Has riveted aluminum skin on wings and fuselage.
Has standard sloped windscreen.
Has gear retracted into wings.
Has 50% more weight than WL.
Has double the wing area of WL.
Has about 1/3rd more wing span than WL.
The engine cowling only slopes on bottom from the spinner; the top is nearly flat.
The fuselage/wing junction has both aerodynamic fillets and structural root thickening.

White Lightening
Had aerodynamic help from both Ed Swearington's SX300 and A.J. Smith's AJ-2 racer.
Has smooth fiberglass skin on wings and fuselage.
Has more gradually sloped windscreen.
Has gear retracted into fuselage.
Half the wing area of Mooney.
Has 1/4 less wing span than Mooney.
Has considerably less tail area.
The engine cowling slopes both up and down from the spinner.
The fuselage/wing junction only has aerodynamic fillets.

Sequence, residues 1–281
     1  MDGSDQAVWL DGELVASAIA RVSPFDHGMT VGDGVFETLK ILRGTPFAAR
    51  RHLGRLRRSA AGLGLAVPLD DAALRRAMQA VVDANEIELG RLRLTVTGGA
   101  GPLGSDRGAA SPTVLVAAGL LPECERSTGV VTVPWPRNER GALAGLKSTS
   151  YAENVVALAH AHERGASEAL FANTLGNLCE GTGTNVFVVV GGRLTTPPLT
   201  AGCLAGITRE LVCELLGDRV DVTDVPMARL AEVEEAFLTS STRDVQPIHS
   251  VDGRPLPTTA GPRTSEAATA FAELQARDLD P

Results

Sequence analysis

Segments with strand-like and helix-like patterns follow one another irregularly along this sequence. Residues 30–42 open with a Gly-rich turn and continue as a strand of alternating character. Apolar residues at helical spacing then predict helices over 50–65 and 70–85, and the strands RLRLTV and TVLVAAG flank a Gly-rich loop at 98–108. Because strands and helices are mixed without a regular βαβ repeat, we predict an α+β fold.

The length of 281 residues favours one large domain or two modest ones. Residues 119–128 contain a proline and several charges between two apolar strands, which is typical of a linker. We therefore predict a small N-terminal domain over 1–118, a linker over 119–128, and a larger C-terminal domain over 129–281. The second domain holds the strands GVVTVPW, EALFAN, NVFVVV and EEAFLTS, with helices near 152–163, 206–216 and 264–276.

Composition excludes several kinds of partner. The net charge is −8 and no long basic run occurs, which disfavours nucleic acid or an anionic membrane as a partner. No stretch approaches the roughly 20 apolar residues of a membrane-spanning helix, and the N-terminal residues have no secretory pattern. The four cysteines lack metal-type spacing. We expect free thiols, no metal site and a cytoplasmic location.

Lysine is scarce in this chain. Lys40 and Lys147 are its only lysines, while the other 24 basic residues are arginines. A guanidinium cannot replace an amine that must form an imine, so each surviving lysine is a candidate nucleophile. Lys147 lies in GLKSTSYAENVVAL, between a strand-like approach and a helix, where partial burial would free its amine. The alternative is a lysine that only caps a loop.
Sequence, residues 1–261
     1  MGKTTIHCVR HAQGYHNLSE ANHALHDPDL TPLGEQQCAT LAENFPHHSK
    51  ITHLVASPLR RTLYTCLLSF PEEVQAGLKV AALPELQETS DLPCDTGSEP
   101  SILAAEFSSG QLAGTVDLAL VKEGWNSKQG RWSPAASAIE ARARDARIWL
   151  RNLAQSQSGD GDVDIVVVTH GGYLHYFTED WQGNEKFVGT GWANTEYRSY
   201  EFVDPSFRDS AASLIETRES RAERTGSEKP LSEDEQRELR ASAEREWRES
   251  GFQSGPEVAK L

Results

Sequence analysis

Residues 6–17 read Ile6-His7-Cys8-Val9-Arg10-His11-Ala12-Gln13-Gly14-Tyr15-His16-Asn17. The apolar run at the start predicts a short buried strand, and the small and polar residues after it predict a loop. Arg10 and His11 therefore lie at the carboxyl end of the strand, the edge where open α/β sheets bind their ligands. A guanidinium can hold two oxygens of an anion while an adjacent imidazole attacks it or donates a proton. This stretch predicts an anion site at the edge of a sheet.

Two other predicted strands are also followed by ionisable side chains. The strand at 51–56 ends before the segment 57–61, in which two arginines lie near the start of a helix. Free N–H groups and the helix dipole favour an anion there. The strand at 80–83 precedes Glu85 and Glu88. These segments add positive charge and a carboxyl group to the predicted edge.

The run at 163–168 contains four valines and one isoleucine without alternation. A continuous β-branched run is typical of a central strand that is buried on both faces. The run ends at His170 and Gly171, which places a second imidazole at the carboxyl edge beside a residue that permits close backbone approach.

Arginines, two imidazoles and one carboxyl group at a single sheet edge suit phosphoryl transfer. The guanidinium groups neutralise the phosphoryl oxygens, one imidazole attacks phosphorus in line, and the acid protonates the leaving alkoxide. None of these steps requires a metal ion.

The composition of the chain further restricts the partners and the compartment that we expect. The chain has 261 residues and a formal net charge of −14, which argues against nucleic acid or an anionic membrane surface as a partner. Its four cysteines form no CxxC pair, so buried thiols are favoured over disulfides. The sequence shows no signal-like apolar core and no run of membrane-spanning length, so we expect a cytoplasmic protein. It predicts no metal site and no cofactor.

We see a number of interactions here. Putting the landing gear in the fuselage avoided having to beef up the wing roots as Mooney did. This combined with carbon fiber main spars and a shortened wing span reduced the structural weight of the wings. As I recall, Ed had to use thicker aluminum to avoid flexing at the higher speeds and I assume they did on the Mooney too. In contrast, I'm quite certain that the WL's foam core maintained stiffness at less weight. I am also fairly certain that the gear retraction system on WL and SX-300 weighs less than the one on the Mooney. All these things cut weight.

Also, as I recall, on the SX-300 he used countersunk rivets and tried to put them in the rear half of the wing chord. To my knowledge, the Mooney uses regular rivets and they run all along the wing chord. So, with much worse aerodynamics and a lot more wetted area, it doesn't surprise me that the Mooney would have twice the plate drag.